A Dobhoff tube is a flexible, small-bore nasogastric (NG) tube with an inside diameter of about 0.16 inches (4 mm). It is primarily used to administer nutrients or medicine to patients who are unable to ingest anything by mouth.
The Dobhoff tube was introduced in the mid-1970s by surgeons Robert Dobbie and James Hoffmeister, who combined their last names to create "Dobhoff." The Dobhoff tube was the first small-bore feeding tube to be used successfully in hospitals.
Uses of a Dobhoff Tube
In addition to providing nutrition, a Dobhoff tube can also be used to give a patient medicine. Any medicine that is not already available in liquid form can usually be dissolved in juice or water and fed into the tube. Dobhoff tubes should be flushed before and after administering liquid food or medication, in order to avoid blockage.
Unlike the tubes used for gastrointestinal drainage, there is no suction attached to a Dobhoff tube. It is smaller and more flexible than other NG tubes, so it is usually more comfortable for the patient.
Inserting a Dobhoff Tube
- A Dobhoff tube can be inserted at a patient’s bedside by a nurse or physician. The tube is inserted into the stomach by way of the nasal passage.
- A guide wire, called a stylet, is used during insertion. The stylet is removed after the tube’s correct placement has been confirmed.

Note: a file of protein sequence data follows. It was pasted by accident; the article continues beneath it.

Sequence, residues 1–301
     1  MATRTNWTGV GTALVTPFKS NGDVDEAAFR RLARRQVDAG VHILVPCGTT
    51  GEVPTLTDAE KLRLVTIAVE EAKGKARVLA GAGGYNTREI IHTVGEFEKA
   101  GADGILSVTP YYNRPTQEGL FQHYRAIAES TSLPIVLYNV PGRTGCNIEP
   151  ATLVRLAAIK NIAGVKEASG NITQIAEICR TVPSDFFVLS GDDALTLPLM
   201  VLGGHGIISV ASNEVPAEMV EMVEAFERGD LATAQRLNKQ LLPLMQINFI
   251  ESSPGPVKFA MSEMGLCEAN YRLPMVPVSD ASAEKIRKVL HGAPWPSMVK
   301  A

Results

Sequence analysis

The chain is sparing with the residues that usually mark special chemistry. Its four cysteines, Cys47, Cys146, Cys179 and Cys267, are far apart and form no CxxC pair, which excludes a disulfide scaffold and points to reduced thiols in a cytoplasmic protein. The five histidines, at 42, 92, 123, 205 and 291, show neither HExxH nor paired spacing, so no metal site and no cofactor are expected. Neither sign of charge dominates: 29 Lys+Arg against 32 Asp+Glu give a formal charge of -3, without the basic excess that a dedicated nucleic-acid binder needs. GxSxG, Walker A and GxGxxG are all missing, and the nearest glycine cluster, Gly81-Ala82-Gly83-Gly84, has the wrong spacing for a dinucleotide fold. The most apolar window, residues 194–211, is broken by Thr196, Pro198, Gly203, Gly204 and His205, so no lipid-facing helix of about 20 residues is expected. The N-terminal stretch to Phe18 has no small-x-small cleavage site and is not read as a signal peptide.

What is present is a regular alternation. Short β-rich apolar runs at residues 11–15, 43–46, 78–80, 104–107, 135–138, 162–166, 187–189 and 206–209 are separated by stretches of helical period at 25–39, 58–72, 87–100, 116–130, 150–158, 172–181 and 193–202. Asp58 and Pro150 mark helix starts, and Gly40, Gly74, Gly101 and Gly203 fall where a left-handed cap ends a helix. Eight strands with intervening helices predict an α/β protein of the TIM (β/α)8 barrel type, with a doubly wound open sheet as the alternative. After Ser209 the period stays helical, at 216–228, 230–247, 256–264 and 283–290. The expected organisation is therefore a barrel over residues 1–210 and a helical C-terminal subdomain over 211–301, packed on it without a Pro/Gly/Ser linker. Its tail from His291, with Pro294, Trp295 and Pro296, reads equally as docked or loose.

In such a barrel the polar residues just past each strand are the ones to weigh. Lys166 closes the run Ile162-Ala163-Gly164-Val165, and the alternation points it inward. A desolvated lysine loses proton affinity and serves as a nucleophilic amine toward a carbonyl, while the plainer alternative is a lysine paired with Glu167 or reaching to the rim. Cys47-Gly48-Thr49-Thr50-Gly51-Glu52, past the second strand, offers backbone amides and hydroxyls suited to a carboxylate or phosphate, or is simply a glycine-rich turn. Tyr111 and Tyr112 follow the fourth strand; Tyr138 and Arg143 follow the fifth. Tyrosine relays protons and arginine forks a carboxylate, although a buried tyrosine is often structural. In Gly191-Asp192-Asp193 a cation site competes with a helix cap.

- A Dobhoff tube has a weighted end that helps guide it through the digestive system. This weighted end consists of metal enclosed in silicone.
- Peristalsis, the involuntary constriction and relaxation of muscles, helps to move the weight through the esophagus and into the stomach or beyond.
- The end of the Dobhoff tube is often placed in the stomach, although it is generally recommended for it to be placed further on, in the duodenum, the section of the small intestines that is adjacent to the stomach, in order to avoid any gastric reflux.
- After insertion, correct placement in the body is usually checked with the help of X-rays or fluoroscopy. Dobhoff tubes come with a radiopaque stripe, making them easily visible in X-rays.
Some complications that could occur during the insertion of a Dobhoff tube include:
- Entering a bronchial tube
- Perforating the pleura surrounding a lung
- Not placing the tube far enough into the stomach, thus causing aspiration.
Due to these potential complications, it is important to radiologically check the tube’s post-insertion position. In cases where the patient is using an enteral feeding tube for a long period of time, periodic re-checking of the position may be necessary.